• If you preordered the game from PSN or Xbox Live, you get the Angler set (some fishing-based items from the Collectors Edition), and an exclusive vanity skin for the car… Meh.
  • If you preordered the game from Amazon, you get three exclusive mid-level weapons and three of the four DLC item sets from the Collectors edition. Nice!
  • Finally, if you preordered the game from Gamestop, you get a second Final Fantasy XV mini-game called “A King’s Tale” for free!! … WOW!!!  – I preordered my copy from Gamestop, but I managed to snag an extra copy of the Amazon DLC codes from a friend who received two in error.   

There’s a few other random skins and other worthless freebies given out through contests and promos, but nothing really worth mentioning.

I’ve included a handy-chart below that provides details for every single possible purchase option for the game. (Because this is way more confusing than it needs to be).

*Click to enlarge*

*In a nutshell: If you have the Deluxe Edition and preordered from Amazon to have 99% of the digital perks from the Collectors Edition – If you missed out on any of this, please don’t worry. None of these perks are particularly game-breaking or game-boosting in the overall scope of things, and knowing SE – it wouldn’t surprise me if these don’t appear for sale in the future as individual DLC.

Speaking of downloadable content, the game has a handful of DLC planned in the coming months. These will be available individually for purchase or you can pay the reasonable price of $25.00 for a season pass. At the time of this writing, only the Holiday Pack is available for download. (More on this later).

So. Now that you’ve figured out which version of the game is right for you, I would like to make suggestion. Before playing the actual game itself, I highly recommend installing and completing the free Final Fantasy XV Platinum Demo. The demo is a unique scenario that does not exist in the game itself. Not only does it do a great job of teaching you the combat mechanics of the real game, but upon completion it unlocks a special perk within the retail copy of the game. (A special summon).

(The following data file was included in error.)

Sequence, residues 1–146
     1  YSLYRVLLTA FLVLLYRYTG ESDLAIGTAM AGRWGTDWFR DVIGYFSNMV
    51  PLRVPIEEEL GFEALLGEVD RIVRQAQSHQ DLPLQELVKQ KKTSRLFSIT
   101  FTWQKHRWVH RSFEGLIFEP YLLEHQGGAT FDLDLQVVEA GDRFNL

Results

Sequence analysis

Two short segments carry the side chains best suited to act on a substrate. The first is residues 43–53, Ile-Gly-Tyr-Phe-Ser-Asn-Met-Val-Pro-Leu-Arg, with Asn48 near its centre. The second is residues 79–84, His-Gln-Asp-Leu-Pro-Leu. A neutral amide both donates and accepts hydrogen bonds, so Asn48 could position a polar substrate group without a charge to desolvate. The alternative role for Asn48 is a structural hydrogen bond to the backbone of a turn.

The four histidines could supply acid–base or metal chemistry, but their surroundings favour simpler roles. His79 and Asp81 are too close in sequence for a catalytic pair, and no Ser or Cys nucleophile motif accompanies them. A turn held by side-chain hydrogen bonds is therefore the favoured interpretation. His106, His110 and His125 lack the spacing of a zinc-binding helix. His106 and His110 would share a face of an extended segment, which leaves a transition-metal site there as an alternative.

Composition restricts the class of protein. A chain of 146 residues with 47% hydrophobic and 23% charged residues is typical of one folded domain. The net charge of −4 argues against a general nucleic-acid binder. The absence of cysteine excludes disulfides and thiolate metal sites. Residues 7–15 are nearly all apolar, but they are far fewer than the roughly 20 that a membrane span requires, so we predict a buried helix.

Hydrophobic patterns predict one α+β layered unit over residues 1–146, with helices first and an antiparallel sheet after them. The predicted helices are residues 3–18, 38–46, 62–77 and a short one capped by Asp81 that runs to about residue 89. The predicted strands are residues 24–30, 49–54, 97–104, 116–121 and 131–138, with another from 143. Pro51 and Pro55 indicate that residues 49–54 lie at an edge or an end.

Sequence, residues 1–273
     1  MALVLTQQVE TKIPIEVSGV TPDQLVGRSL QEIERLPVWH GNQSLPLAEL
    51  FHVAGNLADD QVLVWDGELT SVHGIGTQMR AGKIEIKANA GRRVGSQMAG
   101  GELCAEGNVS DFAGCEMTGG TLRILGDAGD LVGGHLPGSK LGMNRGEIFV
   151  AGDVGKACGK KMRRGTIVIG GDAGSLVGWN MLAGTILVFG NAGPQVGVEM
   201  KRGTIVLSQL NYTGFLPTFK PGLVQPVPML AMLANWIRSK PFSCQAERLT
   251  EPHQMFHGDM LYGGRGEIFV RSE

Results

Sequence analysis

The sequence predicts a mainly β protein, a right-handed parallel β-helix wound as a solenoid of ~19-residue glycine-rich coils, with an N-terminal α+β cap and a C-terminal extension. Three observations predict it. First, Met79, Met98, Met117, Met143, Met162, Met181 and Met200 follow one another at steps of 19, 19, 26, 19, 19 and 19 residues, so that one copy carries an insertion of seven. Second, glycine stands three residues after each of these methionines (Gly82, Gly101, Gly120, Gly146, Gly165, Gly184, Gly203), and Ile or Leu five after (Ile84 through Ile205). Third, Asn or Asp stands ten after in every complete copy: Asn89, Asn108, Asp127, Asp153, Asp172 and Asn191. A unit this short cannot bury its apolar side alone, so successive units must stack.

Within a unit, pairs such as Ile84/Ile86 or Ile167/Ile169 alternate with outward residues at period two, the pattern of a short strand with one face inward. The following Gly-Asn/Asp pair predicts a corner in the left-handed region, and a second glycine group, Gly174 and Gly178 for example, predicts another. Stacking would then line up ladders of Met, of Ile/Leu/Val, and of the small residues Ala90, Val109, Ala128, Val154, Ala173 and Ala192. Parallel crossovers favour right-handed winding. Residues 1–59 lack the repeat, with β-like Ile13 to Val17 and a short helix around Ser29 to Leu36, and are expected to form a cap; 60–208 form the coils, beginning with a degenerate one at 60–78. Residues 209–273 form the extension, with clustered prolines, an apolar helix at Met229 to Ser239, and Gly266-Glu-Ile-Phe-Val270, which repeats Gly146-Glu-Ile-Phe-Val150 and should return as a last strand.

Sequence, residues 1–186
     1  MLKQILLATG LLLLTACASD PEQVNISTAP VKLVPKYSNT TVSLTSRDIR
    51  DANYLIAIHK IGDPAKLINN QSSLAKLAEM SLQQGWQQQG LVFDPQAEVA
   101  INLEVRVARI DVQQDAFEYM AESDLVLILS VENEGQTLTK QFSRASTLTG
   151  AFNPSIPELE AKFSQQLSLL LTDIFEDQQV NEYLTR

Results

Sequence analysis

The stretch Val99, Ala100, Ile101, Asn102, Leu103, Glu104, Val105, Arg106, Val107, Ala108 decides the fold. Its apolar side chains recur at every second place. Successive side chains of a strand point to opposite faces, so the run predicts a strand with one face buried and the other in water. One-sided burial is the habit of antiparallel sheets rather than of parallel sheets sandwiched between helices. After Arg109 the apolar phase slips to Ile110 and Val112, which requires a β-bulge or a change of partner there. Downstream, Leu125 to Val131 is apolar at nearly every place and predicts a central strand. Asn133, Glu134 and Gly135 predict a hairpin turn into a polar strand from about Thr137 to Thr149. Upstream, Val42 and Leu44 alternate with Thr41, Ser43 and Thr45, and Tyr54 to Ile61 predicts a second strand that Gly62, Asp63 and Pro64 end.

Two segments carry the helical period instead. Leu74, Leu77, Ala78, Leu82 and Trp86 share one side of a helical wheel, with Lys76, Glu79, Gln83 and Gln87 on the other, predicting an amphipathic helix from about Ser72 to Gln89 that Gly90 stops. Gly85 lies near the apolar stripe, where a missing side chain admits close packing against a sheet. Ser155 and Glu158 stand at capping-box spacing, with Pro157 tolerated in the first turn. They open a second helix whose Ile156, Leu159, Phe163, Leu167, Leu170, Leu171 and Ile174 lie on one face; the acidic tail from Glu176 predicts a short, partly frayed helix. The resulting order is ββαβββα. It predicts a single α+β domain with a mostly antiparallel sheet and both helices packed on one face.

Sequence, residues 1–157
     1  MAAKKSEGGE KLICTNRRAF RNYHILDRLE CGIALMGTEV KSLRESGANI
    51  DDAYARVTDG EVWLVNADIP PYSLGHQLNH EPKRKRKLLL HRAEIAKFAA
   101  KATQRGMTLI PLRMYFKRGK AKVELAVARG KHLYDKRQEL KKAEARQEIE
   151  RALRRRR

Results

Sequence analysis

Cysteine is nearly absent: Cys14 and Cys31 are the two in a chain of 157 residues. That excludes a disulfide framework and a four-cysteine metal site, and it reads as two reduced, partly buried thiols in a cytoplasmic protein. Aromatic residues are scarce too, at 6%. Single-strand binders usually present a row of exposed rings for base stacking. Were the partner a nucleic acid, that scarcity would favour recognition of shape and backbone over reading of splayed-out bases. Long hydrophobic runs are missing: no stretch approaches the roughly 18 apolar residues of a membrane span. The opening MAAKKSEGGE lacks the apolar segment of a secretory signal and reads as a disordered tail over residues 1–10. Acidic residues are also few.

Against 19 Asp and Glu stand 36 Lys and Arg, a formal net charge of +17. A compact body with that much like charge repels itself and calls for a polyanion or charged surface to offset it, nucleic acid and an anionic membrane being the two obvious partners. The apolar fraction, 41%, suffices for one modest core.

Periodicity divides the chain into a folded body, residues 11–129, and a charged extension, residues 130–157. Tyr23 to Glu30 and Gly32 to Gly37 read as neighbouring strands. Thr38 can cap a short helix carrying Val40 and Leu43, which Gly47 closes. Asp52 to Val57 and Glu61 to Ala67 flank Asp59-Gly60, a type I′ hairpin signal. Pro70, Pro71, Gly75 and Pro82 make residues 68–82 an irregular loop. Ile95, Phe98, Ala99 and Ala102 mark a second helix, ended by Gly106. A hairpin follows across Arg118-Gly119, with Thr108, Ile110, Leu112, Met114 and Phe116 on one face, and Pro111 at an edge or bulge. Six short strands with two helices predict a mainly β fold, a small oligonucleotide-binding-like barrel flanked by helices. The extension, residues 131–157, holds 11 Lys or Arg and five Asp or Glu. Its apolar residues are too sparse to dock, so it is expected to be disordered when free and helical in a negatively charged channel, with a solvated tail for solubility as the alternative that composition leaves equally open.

FFXV Platinum Demo

So… you’ve watched the Brotherhood anime and the Kingsglaive Motion Picture, you’ve played the demo… you’re finally ready to play Final Fantasy XV. Here’s what to expect from the storyline.

The story of Final Fantasy XV takes place in a world called Eos. The majority of this world is ruled by the militaristic Empire of Niflheim. However, to the north, the small Kingdom of Lucis remains free from Imperial rule. Lucis, protected by a magical barrier, has been able to ward off the Empire for generations. Recently, peacetalks between the Empire and Lucis have manifested. One of the conditions in the peace treaty requires that Noctis, Prince of Lucis is to marry his childhood friend Lunafreya, the oracle of Tenebrae (an area under Imperial control). The game itself mainly focuses on the character of Prince Noctis and his three companions as they journey to the nearby nation on Tenebrae, for the Prince’s wedding. However, shortly after leaving the Crown City of Insomnia, their car breaks down – halting their journey temporarily. While awaiting repairs on their vehicle, the news reaches Noctis that the peacetalks were nothing more than an elaborate ruse. The Empire has occupied the kingdom. The King, Noctis’s father, is said to have been slain. Now, last of his line, Noctis undertakes a journey across Eos to claim the magic powers of his birthright and retake the kingdom from the Empire.

Despite having a backstory this epic, a large focus of Final Fantasy is actually on the relationship between Noctis and his three friends. The first half of the game can appropriately be described as the ultimate Bro Roadtrip. Three guys, hanging out.. being guys. The banter between Noctis and his companions really does a great job of making you care about all of the characters on a very personal level.  In the entourage we have; Noctis – the Prince. Gladiolus – Noctis’ bodyguard. Prompto – Noctis’ childhood friend. And finally, Ignis – Noctis’ personal adviser and attendant.  Each character has their own personality and quirks that you’ll grow very familiar with throughout the game. Gladio is a bit rough around the edges, Prompto is easily excitable and obsessed with photography, Ignis is the straight-man and an accomplished chef, often preparing meals for the party when they camp out in the field.

The game is split into 15 chapters. To be quite honest, the main scenario of the game can be completed in just over 20 hours by most players. This is actually a fairly short time for these types of games nowadays. However, there’s way more content in Final Fantasy XV than just what is found in the main storyline. There’s tons of sidequests littered throughout the game. Most of these can be discovered pretty easily by playing the game normally. But there are a handful that can only be uncovered by venturing a bit off the beaten path. With a few exceptions, you have free reign to explore the entire world at your leisure. You can do so on foot, via car, and after a certain point in the game by Chocobo. Most the time, the car will be your main mode for transportation.